Greg Mottola: It was tricky because in Z’s version, for instance, the murderer was a different character. And I decided to go a different way. And I brought in some characters from the book and it was fun to write them and bring them into 2022, but it didn’t help me shape the mystery necessarily. So I did take some cues from the book of some ideas from the book and move them around in different places for the purpose of the plot. And then there were places where I was like, this is a dead end. I don’t know how to do this without getting into a world of exposition. That’s going to be boring on screen. I mean, I think the closest we come to that is the scene. There’s a wrap up scene without giving too much away where the characters tell the audience it’s classic kind of ag of the Christie or Raymond Chandler scene.
Tell the audience exactly. All the things that happened and put it it together. And I thought, will people sit still for this? And when we screened it, we only out a couple of screenings, but I thought, oh, they wanna know they they’re willing to sit still for this because they’re like, yeah, tell me what happened because I see all the moving parts and I kind of get why this person did that and that person did that, but I don’t make it all add up for me. Yes. So a lot of that is retrofitted. A lot of is working backwards. Where do I want to end up and going back and saying, well, if that’s gonna happen, I need this dead end. I need this ruse. Or what’s the cliche red. Oh yes. I need the audience. I need to point them over here. So they’re not thinking about this too much. It’s like, well, look at this, look at this. Don’t look at the thing that would sort obviously tell you the answer.
It want the answer to go like, oh, okay. I see it. I could see how that was the murderer and why that happened. And it makes sense to me and I can see why I didn’t know the whole time. And I bet there would be people who guess, and people will be like, oh wow. But you really want that part to work. You want that to be effective? You don’t want people to go well, that’s just lame because we’ve also bet the house on it. To some extent we’ve really leaned into it. Being a detective story, I’d say more so than the original flat. So if that doesn’t work, then I don’t blame people for saying, well, why aren’t there more jokes in disguises and slapstick because your dumb plot didn’t add up to anything. So that was daunting, but also fun. I mean, that’s something that I’ve never really done before. And I went and read interviews with people like Rian Johnson who loves the genre and talked about movie. His new movie I think is very inspired by the last of Sheila, which is a movie written by Stephen Sondheim, which is a whoa, I’ve never watched, it’s like a seventies movie. I have to go and see it. Cuz it’s people who love the genre say it’s fantastic. But for whatever reason, cuz they talked about a lot.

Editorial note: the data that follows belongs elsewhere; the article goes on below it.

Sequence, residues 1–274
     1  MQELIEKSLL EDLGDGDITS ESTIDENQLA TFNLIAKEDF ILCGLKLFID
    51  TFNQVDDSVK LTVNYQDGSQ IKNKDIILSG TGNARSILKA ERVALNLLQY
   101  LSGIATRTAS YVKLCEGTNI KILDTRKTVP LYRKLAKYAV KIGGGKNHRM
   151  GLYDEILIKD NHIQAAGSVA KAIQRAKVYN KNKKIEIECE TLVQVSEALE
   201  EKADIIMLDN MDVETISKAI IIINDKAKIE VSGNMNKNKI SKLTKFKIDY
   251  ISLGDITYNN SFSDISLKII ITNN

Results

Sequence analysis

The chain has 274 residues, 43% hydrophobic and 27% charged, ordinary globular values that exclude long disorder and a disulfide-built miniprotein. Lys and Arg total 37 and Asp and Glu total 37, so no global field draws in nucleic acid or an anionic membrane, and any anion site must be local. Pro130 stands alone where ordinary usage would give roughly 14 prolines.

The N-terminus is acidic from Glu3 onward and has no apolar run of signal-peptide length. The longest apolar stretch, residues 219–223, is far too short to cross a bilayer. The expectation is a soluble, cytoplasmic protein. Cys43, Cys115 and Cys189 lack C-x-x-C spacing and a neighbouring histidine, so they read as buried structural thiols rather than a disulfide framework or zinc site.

Greg Iwinski: Yeah. That is
Greg Mottola: Like a who done it on a boat. Yeah.
Greg Iwinski: Well my last question is, is there anything that you would want to talk about that I have not brought up?
Greg Mottola: Well, I wrote during the pandemic and in between projects, it’s taken me a while, but I’ve written a script that I love that is more in the genre of “Adventureland” probably, but it’s like an adult comedy drama about new Yorkers. It’s a big ensemble piece. I wrote parts for some people. I really like, I read apart for Jesse Eisenberg and he wants to do it. And it’s kind of about a changing New York City. And I was about to go out within then the pandemic hit, which gave me time to do rewrites at least, but New York city didn’t seem the same anymore. It wasn’t quite the same New York and felt I better wait until it’s kind of back to where it is. So my hope is to do one more polished kind of address New York city as it is in this moment, sort as the pandemic still exists, but isn’t the worst part.
And I think it’s gonna be hard to get made because it’s more drama than comedy. It’s a real character piece. If my name was Noah Baumbach, they might give me the money, but I know Noah for a million years, we came up together in the nineties. He’s a great guy, but it is kind of in the spirit of that kind of. And I feel like Noah’s one of the few people who does it and Alexander Payne does it brilliantly, but I wanna make serious with enough comedy to make an entertaining character movie. But they’re a little hard to justify unless I can rope in some really huge stars, no offense to Jesse, but he’s appealing to finance years, but I need to surround him. Both other people that are appealing. I shouldn’t have said this. Sorry Jesse. I mean they gave me a hundred million based on your name.
Greg Iwinski: I mean New York, New York is always changing and is always, they say New York is a character, but it was always a new character. It seems like where it was before and where it is now. Yeah.
Greg Mottola: I mean it’s kind of inspired by, there are characters that represent in New York. That’s not gonna exist soon. And then I love hate feeling about New York.
Greg Iwinski: I think that’s a healthy way to feel about it.
Greg Mottola: Yeah. It’s a little bit of a breakup note that to New York, that begrudgingly admits that I love the place more than any place on earth.
Greg Iwinski: I feel exactly the same way. Well Greg, thank you so much for coming on the show. It was great to talk. Thank
Greg Mottola: You. Thank you other Greg.
Greg Iwinski: Thanks bye-bye.
Greg Mottola: Take care